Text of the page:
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We all know that to have a business in our climate, a website is absolutely necessary, but where to get started often feels overwhelming.

We are here to help.

What’s in a Website name

Before you begin, find a url name. In this post, I will address all-in-one sites like GoDaddy, but for now, let’s assume you are building your website and not going with a template site. Go to a site like NameCheap and find a unique name.

Keep in mind your brand. Your name will need to be memorable, tie directly to your company, and be easy for your customer to type in. Try to avoid using dashes or underscores as these are keys not often used by people in every day typing. Remember many of your clients will be using a mobile device to type in your address.

Find a good server

Now it is time to start building. Building a website has 2 main components, a server to hold the data and a platform to display the site. First, you need to find a good company to host your website. Please, and I cannot stress this enough, do your homework on these companies. Unless you have a developer background, it is easy to make mistakes on setting up your server that will take down your site.

Finding a company with great customer service and tech support is essential to your success and stress management. I personally recommend WPEngine.

Just yesterday I made an error on my wife’s site that took it down. If it weren’t for their help, I would’ve been lost. As it turns out, I had a single typo that while I am sure I could find, they were able to troubleshoot it with me.

When choosing a provider, choose the better customer satisfaction rating over the technical ability of the company.

Why not a template website

If you read my post on Pinterest SEO, you may remember that Google places high value on the content of your site behind the scenes. With many of the template sites like Wix or SquareSpace you are given minimal SEO abilities to have your site show up on google.

These sites are great if you are trying to get out there and just have a website, but your SEO will suffer. It is much better to hire a developer or struggle through the process yourself.

Another note on those sites is you are incredibly limited on your themes and setup. Next section we talk about themes, but with the ready-to-go sites you often can’t easily change themes without disrupting your entire site.

When you are ready to build your site, I recommend WordPress.org (different from WordPress.com). WPEngine works well with this site and the tech support is familiar with the platform.

Get a good theme going

Every website absolutely needs a theme. We discussed your brand often in our social media posts for the exact same reason. Don’t let your brand differ here as well. There are 2 major reasons to keep a consistent theme. First, your client found you and they want to know they have the right person.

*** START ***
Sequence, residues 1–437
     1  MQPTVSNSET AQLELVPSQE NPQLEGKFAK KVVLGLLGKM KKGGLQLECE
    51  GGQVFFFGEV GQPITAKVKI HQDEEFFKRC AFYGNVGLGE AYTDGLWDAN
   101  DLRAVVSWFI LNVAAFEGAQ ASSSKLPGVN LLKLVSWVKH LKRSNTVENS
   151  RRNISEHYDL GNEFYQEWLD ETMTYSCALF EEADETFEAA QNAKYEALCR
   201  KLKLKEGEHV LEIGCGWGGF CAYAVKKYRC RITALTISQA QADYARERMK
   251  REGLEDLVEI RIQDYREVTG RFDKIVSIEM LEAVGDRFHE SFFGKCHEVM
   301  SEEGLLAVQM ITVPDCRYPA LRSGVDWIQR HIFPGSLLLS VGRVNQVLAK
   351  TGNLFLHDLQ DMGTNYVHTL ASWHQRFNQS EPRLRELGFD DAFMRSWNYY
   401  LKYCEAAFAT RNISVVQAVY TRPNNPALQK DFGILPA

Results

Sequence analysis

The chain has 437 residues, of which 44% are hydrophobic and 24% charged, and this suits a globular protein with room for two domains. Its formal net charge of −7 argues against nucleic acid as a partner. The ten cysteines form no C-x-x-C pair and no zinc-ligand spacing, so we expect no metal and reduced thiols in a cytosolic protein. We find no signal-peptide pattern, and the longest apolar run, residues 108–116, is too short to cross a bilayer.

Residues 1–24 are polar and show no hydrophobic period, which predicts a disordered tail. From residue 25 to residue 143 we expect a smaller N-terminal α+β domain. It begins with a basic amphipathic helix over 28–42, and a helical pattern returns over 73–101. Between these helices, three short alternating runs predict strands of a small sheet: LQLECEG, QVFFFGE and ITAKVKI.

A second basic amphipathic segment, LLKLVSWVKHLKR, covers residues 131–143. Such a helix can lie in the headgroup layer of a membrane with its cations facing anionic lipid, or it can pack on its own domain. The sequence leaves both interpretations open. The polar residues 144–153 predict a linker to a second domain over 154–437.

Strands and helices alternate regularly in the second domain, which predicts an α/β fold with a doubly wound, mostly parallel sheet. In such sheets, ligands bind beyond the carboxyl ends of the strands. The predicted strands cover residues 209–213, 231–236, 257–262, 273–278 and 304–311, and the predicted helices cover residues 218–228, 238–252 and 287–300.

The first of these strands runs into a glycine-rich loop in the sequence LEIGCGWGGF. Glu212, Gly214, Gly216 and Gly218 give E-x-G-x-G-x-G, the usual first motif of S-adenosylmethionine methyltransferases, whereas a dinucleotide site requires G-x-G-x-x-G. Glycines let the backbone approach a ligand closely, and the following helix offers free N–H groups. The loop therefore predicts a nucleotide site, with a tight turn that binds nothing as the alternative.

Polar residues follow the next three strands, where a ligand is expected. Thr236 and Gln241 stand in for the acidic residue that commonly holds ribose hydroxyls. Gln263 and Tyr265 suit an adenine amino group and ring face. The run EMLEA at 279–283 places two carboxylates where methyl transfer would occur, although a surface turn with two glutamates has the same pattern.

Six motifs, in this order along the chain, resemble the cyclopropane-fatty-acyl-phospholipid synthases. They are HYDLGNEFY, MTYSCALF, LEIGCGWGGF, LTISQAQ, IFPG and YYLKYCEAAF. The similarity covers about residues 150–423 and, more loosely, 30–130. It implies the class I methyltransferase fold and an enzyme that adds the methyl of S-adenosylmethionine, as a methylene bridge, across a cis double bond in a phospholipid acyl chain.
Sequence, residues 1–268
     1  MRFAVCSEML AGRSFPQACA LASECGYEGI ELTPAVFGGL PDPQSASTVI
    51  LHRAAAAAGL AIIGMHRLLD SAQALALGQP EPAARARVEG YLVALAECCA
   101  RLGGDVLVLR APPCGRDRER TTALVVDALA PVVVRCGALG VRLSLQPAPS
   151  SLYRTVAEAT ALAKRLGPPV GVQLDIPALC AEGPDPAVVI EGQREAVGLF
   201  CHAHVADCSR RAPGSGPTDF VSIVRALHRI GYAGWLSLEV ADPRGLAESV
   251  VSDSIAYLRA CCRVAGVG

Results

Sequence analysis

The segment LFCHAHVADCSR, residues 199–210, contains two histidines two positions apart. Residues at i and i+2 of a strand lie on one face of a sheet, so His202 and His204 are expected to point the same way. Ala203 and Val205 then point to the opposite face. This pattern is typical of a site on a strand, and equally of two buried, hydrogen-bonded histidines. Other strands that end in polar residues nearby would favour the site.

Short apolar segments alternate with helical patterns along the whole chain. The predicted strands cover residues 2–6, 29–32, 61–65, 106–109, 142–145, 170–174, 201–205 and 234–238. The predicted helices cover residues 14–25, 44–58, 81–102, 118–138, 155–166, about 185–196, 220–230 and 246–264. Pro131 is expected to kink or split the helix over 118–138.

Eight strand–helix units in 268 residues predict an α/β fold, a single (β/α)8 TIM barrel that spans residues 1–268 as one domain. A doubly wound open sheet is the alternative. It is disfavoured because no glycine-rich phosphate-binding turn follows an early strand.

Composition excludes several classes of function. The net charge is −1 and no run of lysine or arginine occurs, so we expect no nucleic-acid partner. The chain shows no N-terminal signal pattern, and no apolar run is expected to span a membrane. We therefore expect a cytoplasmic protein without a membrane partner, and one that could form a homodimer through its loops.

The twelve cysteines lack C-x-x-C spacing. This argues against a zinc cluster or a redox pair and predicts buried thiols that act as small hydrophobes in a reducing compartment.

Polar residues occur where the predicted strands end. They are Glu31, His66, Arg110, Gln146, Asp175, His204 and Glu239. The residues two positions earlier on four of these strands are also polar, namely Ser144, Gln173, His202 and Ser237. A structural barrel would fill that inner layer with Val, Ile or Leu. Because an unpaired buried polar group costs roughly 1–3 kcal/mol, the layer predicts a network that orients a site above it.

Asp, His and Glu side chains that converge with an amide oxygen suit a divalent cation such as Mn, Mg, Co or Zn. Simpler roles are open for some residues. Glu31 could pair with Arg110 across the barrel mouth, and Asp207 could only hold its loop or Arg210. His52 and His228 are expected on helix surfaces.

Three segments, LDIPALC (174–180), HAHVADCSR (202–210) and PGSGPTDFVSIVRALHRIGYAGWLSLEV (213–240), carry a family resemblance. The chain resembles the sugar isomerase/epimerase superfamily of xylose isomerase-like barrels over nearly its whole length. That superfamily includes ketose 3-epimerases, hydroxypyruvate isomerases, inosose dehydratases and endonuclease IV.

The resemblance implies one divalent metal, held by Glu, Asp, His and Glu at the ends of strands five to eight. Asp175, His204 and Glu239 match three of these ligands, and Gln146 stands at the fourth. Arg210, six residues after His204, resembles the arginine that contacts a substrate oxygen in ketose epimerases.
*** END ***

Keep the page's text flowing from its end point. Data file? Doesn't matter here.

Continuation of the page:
If they follow you on Facebook and then come to your website and it looks entirely different from the brand you built on social media, they will think they got the wrong company. Then, they start to worry; reason number two. A client that is uneasy about the site they are on will not purchase on your site.

Having a consistent and easy flow theme will keep your customers happy and ready to spend money. Stick with 2-3 fonts and consistent colors loyal to your already established brand.

Don’t forget the blog

Blogging is the best way to hack the SEO game. When you blog, you are able to use keywords like digital marketing, website development and CCSE to help google find your page. (Yes I just used three of mine. Don’t hate).

But I know what you’re thinking. I am not a writer! I am a dance teacher or a contractor. My advice is for you to hire a good copywriter if you don’t want to put your own words out there. A starting rate is around $50 for a post and your site should have a new post every week at a minimum.

However, remember that those finding your website are customers that will hopefully buy from you. Just think of a blog as talking to your customers. 500 -750 words is sufficient for a blog post.

Create a follow up system

Lastly, your site needs a call to action. Most sites create this through a form. WordPress has built-in forms you can use if you choose not to purchase a third-party theme. To manage these contacts from your site, find an easy to use CRM.

MailChimp is a good one to use, but the free version is not worth the effort. I recommend upgrading. They charge based on the number of contacts you have being managed.

Thank you for reading today. For more information on social media posting or digital marketing in general, check out our blogpage and feel free to comment or contact us with any questions.


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